Want to participate in a short research study? Help shape the future of investing tools and you could win a $250 gift card!
Today we’ll evaluate Endava plc (NYSE:DAVA) to determine whether it could have potential as an investment idea. Specifically, we’ll consider its Return On Capital Employed (ROCE), since that will give us an insight into how efficiently the business can generate profits from the capital it requires.
First of all, we’ll work out how to calculate ROCE. Second, we’ll look at its ROCE compared to similar companies. Then we’ll determine how its current liabilities are affecting its ROCE.
Return On Capital Employed (ROCE): What is it?
ROCE measures the ‘return’ (pre-tax profit) a company generates from capital employed in its business. Generally speaking a higher ROCE is better. Ultimately, it is a useful but imperfect metric. Renowned investment researcher Michael Mauboussin has suggested that a high ROCE can indicate that ‘one dollar invested in the company generates value of more than one dollar’.
So, How Do We Calculate ROCE?
Analysts use this formula to calculate return on capital employed:
Return on Capital Employed = Earnings Before Interest and Tax (EBIT) ÷ (Total Assets – Current Liabilities)
Or for Endava:
0.20 = UK£27m ÷ (UK£187m – UK£47m) (Based on the trailing twelve months to September 2018.)
Therefore, Endava has an ROCE of 20%.
Does Endava Have A Good ROCE?
One way to assess ROCE is to compare similar companies. Using our data, we find that Endava’s ROCE is meaningfully better than the 10% average in the IT industry. I think that’s good to see, since it implies the company is better than other companies at making the most of its capital. Regardless of where Endava sits next to its industry, its ROCE in absolute terms appears satisfactory, and this company could be worth a closer look.
As we can see, Endava currently has an ROCE of 20%, less than the 57% it reported 3 years ago. This makes us wonder if the business is facing new challenges.
It is important to remember that ROCE shows past performance, and is not necessarily predictive. Companies in cyclical industries can be difficult to understand using ROCE, as returns typically look high during boom times, and low during busts. ROCE is only a point-in-time measure. Future performance is what matters, and you can see analyst predictions in our free report on analyst forecasts for the company.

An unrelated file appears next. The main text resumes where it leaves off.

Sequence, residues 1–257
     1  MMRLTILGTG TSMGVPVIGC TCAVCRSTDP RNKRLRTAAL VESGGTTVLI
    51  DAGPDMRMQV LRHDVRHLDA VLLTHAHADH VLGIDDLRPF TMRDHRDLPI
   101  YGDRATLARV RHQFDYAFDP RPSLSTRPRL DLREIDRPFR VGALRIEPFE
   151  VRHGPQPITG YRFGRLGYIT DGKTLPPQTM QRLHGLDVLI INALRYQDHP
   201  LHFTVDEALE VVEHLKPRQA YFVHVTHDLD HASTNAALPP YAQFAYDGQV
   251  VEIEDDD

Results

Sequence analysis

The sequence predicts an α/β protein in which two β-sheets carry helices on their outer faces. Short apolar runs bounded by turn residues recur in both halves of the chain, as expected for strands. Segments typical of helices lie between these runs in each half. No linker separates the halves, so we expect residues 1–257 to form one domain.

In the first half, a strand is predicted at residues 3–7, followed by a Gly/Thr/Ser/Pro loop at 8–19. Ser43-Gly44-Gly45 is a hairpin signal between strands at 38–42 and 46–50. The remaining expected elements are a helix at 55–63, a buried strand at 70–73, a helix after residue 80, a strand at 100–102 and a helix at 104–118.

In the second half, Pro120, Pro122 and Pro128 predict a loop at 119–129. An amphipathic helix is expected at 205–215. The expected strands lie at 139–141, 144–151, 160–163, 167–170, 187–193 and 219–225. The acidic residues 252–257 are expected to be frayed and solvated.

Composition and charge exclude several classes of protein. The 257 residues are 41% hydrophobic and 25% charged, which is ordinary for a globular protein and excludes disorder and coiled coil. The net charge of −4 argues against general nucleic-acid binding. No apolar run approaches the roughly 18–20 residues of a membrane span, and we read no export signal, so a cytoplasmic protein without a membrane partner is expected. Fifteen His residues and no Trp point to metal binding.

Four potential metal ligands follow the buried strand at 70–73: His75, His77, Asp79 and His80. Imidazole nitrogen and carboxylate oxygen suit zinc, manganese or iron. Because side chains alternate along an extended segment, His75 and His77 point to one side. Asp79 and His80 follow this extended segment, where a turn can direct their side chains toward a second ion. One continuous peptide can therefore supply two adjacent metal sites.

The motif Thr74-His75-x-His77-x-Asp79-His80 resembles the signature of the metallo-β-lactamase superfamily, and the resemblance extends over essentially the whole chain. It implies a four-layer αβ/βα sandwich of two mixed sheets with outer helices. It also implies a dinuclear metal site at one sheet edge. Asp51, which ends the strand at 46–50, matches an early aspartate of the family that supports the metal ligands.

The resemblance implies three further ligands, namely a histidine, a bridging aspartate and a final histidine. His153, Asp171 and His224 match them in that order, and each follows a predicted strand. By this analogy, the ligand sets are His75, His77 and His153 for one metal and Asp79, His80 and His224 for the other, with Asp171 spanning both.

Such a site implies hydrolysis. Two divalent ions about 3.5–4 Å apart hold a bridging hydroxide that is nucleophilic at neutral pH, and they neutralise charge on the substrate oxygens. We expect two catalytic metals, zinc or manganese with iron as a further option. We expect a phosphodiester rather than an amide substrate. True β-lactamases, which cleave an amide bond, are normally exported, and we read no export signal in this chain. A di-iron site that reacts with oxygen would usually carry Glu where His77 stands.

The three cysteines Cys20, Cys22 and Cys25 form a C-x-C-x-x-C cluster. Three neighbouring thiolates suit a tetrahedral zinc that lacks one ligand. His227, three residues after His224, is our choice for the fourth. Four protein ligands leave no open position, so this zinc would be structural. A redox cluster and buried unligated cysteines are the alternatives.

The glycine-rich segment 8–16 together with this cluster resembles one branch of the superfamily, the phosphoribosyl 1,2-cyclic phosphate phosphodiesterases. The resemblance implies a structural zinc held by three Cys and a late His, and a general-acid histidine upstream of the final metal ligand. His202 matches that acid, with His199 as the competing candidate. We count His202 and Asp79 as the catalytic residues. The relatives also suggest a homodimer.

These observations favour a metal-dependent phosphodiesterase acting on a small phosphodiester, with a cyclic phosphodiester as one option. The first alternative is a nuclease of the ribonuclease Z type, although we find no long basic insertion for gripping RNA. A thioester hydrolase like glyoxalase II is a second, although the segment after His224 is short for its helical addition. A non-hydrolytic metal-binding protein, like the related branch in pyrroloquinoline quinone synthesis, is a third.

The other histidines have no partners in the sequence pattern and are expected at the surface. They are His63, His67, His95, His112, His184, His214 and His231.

Do Endava’s Current Liabilities Skew Its ROCE?
Current liabilities are short term bills and invoices that need to be paid in 12 months or less. Due to the way the ROCE equation works, having large bills due in the near term can make it look as though a company has less capital employed, and thus a higher ROCE than usual. To counteract this, we check if a company has high current liabilities, relative to its total assets.
Endava has total assets of UK£187m and current liabilities of UK£47m. Therefore its current liabilities are equivalent to approximately 25% of its total assets. Low current liabilities are not boosting the ROCE too much.
What We Can Learn From Endava’s ROCE
With that in mind, Endava’s ROCE appears pretty good. Of course you might be able to find a better stock than Endava. So you may wish to see this free collection of other companies that have grown earnings strongly.
I will like Endava better if I see some big insider buys. While we wait, check out this free list of growing companies with considerable, recent, insider buying.
To help readers see past the short term volatility of the financial market, we aim to bring you a long-term focused research analysis purely driven by fundamental data. Note that our analysis does not factor in the latest price-sensitive company announcements.
The author is an independent contributor and at the time of publication had no position in the stocks mentioned. For errors that warrant correction please contact the editor at email@example.com.